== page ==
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Noise abatement is a set of strategies that are designed to reduce noise pollution. The main sources of noise are aircraft noise and roadway noise and abatement techniques include transportation noise control, architectural design and occupational noise control.

Noise can cause anxiety, tension, or even illness, and prolonged exposure to high levels of noise can cause hearing loss. Noise is regarded as a form of environmental pollution, and is sometimes considered an international health concern.

Greenspace has the ability to mitigate noise in urban areas. Planting “noise buffers” composed of trees and shrubs can reduce noise by five to ten decibels for every 30 m width of woodland, especially sharp tones, and this reduces noise to the human ear by approximately 50%. To achieve this effect, the species and the planting design must be chosen carefully.


The effective management and extension and creation of new woodland areas helps to screen noise and pollution, restore and enhance degraded landscapes, provide recreational opportunities, improve health and well-being and also help mitigate climate change and contribute to floodplain management.

The successful growth of trees in urban areas is dependent on a number of factors, including the species type. The Right Tree for a Changing Climate database can help to determine the most appropriate tree for a location and aid in the management of trees in urban green space.

Current action

Generalised recommendations to reduce noise with rows of trees and shrubs include:

  • Plant the noise buffer close to the noise source (rather than close to the area to be protected).
  • Plant trees/shrubs as close together as the species will allow and not be overly inhibited.
  • When possible use plants with dense foliage. A diversity of tree species, with a range of foliage shapes and sizes within the noise buffer may also improve noise reduction.
  • Foliage of the plants should persist from the ground up. A combination of shrubs and trees may be necessary to achieve this effect.
  • Evergreen varieties that retain their leaves will give better year-round protection.
  • When possible use tall plants. Where the use of tall trees is restricted, use combinations of shorter shrubs and tall grass or similar soft ground cover as opposed to harder paved surfaces.

Case study

The East London green grid is a long-term project to develop a network of greenspaces along the Thames Gateway, South Essex. The project is intended to offer a range of benefits including:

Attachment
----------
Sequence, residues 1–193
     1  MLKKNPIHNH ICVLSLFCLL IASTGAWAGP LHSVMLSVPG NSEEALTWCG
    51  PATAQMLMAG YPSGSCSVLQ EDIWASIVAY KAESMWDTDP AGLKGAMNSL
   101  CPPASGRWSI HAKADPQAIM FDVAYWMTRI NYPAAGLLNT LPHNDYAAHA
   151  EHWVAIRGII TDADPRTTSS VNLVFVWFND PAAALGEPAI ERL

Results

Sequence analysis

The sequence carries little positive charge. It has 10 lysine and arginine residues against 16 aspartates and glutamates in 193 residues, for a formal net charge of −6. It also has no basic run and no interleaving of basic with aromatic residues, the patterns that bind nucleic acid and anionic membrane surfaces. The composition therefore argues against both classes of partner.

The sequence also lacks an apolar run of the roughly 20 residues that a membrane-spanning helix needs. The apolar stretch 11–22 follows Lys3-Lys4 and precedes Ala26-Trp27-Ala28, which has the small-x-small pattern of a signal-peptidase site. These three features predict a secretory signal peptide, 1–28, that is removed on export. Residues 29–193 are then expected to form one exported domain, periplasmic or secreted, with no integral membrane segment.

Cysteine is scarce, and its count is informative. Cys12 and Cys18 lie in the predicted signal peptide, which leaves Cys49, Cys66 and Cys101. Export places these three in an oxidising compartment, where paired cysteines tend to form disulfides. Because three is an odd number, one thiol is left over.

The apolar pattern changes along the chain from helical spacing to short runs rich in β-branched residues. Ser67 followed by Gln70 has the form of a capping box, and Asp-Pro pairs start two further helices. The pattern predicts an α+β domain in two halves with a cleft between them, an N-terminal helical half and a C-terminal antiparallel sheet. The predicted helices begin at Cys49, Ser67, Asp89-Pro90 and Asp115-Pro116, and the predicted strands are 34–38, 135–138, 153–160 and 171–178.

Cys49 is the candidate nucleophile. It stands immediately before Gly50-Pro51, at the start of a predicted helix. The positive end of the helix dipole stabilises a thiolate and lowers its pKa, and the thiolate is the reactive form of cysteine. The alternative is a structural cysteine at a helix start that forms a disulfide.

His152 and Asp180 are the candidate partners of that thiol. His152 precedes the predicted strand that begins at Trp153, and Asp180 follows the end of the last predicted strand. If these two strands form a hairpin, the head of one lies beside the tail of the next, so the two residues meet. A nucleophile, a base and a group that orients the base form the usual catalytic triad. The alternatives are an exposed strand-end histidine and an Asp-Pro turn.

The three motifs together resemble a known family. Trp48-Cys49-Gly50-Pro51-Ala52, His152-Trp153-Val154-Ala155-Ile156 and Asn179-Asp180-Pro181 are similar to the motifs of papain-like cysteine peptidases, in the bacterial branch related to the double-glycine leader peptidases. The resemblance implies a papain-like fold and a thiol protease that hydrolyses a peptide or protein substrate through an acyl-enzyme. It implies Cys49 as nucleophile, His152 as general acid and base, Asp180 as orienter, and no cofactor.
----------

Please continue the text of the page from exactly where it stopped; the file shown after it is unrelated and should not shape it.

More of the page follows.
• Contribution to flood management, improved air and water quality and noise abatement
  • Enabling diversity of wildlife habitats and landscapes in town and countryside
  • Connection of new communities with existing neighbourhoods, the regenerated riverside, local attractions and the countryside, providing improved “access for all”
  • Conservation and enhancing existing green space and links
  • Creation of high quality new green space and links in areas of opportunity and need
  • Creation of a sense of place through enhancement of landscape character and heritage
  • Enhancing the image and confidence in south Essex as a quality place to live, work and invest
  • Engaging all communities in the planning, management and celebration of the network
  • Planning and promoting the network as part of a sustainable transport system
  • Promoting the network for recreation and tourism, education and healthy living.

Further information

Bell, S. (1999). Tranquillity mapping as an aid to forest planning. Forestry Commission Information Note 16. Forestry Commission, Edinburgh.

CL:AIRE (2009). Integrated remediation, reclamation and greenspace creation on brownfield land(PDF-576K). Subr:im bulletin, CLA:IRE.

Doick, K. and Hutchings, T. (2007). Greenspace establishment on brownfield land: the site selection and investigation process. Forestry Commission Information Note 91. Forestry Commission, Edinburgh.

Faculty of Public Health (2010). Great outdoors: How our natural health services uses green space to improve well-being. Natural England.

Forestry and Woodlands Partnership (2006). The Draft South East Plan. What’s in it for Forestry and Woodlands?(PDF-495K) Forestry Commission, England.

Greenspace (2007). The links between green space and health: A critical literature review. Executive summary. Greenspace, Scotland.

Land Use Consultants (2004). Making the links: greenspace and quality of life. Scottish Natural Heritage Commissioned Report No. 060 (ROAME No. F03AB01).

Macmillan, D. and Bateman, I. (2000). Non-market benefits of forestry: phase 1. Report to the Forestry Commission.

WHO Collaborating Centre for Healthy Urban Environments (2010). Spatial determinants of health in urban settings. Evidence Review. University of West of England, Bristol.

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